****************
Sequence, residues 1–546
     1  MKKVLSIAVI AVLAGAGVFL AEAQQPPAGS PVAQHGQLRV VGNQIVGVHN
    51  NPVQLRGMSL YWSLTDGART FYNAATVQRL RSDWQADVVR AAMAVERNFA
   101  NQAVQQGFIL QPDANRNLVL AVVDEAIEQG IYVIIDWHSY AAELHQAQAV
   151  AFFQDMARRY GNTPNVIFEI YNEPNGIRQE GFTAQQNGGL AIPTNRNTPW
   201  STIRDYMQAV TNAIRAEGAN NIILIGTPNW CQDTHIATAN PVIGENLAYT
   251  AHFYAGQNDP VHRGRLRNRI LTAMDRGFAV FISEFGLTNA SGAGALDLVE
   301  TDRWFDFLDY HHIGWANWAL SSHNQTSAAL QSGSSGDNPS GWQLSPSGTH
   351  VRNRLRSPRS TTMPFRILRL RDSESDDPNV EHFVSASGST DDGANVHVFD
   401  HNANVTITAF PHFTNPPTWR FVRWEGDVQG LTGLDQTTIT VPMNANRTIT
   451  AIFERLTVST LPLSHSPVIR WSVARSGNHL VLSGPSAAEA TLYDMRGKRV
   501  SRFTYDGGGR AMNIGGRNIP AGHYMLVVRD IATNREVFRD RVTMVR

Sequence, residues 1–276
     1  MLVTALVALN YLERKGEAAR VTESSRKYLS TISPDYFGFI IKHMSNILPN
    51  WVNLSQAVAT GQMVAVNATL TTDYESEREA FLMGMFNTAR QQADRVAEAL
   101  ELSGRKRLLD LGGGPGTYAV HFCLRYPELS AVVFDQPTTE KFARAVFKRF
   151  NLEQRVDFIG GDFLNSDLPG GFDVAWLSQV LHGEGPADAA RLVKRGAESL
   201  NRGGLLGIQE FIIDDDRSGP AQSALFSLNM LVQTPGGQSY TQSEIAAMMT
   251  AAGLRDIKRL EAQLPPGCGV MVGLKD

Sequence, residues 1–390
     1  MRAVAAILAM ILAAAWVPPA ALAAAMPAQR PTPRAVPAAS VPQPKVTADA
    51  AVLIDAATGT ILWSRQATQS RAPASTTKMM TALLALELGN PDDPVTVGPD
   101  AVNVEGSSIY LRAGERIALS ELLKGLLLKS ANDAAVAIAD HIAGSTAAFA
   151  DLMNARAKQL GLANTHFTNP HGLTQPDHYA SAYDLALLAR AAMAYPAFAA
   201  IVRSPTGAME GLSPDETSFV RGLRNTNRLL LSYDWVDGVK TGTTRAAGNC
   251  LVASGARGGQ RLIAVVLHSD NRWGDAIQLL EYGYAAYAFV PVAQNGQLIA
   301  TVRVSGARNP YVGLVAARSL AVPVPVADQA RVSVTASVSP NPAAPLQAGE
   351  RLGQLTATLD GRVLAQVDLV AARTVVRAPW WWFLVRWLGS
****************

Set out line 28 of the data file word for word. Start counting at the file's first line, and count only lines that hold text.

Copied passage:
   351  RLGQLTATLD GRVLAQVDLV AARTVVRAPW WWFLVRWLGS